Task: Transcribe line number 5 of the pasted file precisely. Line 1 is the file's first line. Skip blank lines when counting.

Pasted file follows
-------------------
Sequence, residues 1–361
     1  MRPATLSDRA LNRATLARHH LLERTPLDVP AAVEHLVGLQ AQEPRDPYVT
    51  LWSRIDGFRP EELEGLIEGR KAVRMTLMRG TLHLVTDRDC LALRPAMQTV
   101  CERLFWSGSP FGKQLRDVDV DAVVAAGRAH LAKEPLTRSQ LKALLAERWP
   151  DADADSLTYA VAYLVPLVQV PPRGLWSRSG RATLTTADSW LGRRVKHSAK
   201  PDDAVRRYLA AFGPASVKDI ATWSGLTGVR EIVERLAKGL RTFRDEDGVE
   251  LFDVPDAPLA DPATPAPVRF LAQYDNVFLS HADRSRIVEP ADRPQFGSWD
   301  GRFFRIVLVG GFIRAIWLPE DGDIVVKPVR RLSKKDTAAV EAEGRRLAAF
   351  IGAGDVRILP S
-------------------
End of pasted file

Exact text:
   151  DADADSLTYA VAYLVPLVQV PPRGLWSRSG RATLTTADSW LGRRVKHSAK